As of Wednesday morning, Katie Couric didn’t know who Noah Centineo was.
When Netflix chief content officer Ted Sarandos dropped the name on stage – calling the actor “one of the biggest movie stars in the world” – at Vanity Fair’s New Establishment Summit, the veteran journalist and respected interviewer admitted she was not familiar with the name. But, she said, “I think some of my coworkers in their twenties” know of Centineo and the Netflix movie that propelled him to stardom, 2018’s “To All the Boys I’ve Loved Before.”
In this example, Sarandos was trying to make a larger point about Netflix’s place in the zeitgeist, the difficulties in quantifying success when the platform exists outside of the traditional entertainment model, and why the streaming service has broken its long tradition of playing its viewership close to the vest.
“Here’s the thing, the way that the internet has kind of fragmented audiences, you might be in the center of the bubble and you think your show is the biggest show on the planet, or you never heard of that show and it is the biggest show on the planet,” he told Couric on stage. “That happens now. That’s new in the last five years.”
On Centineo, a 23-year-old whose earlier credits included roles on “The Fosters” and “Austin & Ally,” Sarandos said, “he was a complete unknown a couple of years ago, and he is a massive star right now.”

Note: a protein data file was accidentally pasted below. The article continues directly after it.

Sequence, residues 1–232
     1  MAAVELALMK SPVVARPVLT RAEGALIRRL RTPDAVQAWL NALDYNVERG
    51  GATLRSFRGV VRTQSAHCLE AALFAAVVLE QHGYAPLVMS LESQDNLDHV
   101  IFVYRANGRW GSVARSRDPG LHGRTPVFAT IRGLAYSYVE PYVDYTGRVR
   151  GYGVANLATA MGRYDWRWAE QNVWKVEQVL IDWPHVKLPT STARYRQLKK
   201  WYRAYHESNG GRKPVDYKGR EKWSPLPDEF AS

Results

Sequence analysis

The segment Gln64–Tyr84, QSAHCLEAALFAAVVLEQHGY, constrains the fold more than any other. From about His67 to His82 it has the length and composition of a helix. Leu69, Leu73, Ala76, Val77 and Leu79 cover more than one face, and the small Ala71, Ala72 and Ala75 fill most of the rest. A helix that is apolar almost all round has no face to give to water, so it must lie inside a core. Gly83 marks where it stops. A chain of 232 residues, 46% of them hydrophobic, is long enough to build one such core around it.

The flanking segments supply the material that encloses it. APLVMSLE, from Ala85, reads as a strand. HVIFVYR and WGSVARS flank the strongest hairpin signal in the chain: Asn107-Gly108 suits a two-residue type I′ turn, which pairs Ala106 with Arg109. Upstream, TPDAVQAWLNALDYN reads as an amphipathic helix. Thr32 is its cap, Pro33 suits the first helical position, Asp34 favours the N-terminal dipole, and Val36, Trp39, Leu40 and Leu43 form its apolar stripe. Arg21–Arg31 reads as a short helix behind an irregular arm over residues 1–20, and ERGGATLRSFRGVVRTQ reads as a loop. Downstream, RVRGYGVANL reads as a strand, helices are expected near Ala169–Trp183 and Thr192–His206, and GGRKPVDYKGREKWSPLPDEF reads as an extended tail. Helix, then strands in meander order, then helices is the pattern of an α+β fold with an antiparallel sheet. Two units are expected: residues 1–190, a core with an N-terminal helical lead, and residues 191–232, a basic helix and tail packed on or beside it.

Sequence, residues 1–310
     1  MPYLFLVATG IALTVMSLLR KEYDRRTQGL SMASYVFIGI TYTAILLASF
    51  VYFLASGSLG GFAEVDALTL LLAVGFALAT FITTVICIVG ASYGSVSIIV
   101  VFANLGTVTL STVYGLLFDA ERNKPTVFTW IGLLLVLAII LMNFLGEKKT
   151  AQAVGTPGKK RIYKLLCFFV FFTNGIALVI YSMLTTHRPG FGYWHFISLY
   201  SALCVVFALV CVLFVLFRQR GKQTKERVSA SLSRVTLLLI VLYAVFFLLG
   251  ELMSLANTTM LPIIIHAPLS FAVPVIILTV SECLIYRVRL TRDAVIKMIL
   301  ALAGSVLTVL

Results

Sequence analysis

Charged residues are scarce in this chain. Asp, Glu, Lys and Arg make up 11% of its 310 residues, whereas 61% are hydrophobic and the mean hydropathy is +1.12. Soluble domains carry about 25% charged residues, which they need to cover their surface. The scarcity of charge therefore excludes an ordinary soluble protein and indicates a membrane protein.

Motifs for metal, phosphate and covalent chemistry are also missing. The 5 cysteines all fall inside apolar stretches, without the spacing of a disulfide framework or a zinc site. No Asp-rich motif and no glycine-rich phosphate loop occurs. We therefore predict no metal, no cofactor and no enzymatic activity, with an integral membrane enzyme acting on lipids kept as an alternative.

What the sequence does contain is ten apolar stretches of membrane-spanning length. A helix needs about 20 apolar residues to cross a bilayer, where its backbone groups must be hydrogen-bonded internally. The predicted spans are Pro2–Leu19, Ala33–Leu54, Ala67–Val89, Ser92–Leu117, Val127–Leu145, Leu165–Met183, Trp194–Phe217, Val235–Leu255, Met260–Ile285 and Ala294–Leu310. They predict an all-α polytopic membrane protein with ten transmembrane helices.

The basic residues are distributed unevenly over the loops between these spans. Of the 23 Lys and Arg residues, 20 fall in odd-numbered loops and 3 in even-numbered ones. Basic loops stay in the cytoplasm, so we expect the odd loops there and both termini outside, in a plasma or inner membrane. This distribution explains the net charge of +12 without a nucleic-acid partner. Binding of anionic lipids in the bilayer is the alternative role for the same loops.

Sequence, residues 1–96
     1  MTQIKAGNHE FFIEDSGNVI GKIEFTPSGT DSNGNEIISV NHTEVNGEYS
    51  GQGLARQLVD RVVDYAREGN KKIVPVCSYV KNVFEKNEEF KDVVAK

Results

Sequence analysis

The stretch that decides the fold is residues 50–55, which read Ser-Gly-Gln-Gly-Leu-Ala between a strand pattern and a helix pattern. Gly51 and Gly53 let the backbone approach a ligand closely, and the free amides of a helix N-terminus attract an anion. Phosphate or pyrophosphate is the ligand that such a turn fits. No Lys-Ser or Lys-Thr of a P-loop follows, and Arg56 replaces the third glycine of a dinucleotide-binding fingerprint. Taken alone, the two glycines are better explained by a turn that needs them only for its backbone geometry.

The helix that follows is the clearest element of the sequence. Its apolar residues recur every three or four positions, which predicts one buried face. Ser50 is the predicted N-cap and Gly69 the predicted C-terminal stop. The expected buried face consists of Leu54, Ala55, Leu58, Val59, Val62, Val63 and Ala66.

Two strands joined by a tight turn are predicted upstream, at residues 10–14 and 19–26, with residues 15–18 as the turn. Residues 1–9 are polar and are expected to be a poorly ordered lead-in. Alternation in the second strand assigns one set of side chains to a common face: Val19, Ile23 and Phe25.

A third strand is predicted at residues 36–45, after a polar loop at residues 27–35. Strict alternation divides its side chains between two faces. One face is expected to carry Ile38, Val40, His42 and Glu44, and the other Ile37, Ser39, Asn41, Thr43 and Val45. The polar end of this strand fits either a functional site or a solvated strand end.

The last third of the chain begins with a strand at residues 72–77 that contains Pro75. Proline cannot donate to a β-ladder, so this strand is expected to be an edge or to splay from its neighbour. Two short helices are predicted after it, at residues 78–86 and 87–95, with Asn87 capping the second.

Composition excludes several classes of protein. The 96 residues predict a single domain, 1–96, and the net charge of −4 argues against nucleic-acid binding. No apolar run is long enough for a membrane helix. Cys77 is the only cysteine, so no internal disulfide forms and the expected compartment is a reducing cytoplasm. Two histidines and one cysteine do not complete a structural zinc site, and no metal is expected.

“And like I said, if you’re not in that bubble, you don’t know that because the whole world doesn’t revolve around the movie that was number one in the box office,” he said.
The streamer’s disruption of the entertainment industry by extension means it has disrupted what’s deemed popular enough to breakthrough the entertainment clutter. (Sarandos, earlier in the conversation, expressed his qualms with the use of the word “disruption.”)
People are more likely to watch or sample what is popular, but when Netflix wasn’t sharing data, it was hard for viewers to know, Sarandos said.
“By not [releasing numbers] what was happening, is, I think, people were missing some of these kind of cultural moments,” he said. “One way that people choose things is popularity, and we were the denying people the use of that one tool to help discover new things.”
The numbers Netflix has shared – for example, that Sandra Bullock thriller “Bird Box” was viewed by more than 80 million member households in its first four weeks – have been met with massive skepticism, however.
While TV networks provide numbers collected from media research firm Nielsen and several firms track movie box office, Netflix has not indicated that its figures have been vetted by an independent outside source. (A Netflix spokesperson points out that when the company release these figures in quarterly results, “as a public company we are legally bound to give accurate figures or face penalties from the Securities and Exchange Commission.”)
There’s considerable confusion about Netflix data, because their measurement is different from traditional measurement.
Netflix says that if 70 percent of a movie or TV episode was watched in the four weeks following its debut, it is counted as a view.
Sarandos was not questioned on some of the finer points of Netflix methodology. But, he said, “we’ll be more and more transparent with those numbers.”
“We’re trying to figure out a way to make it useful,” he said.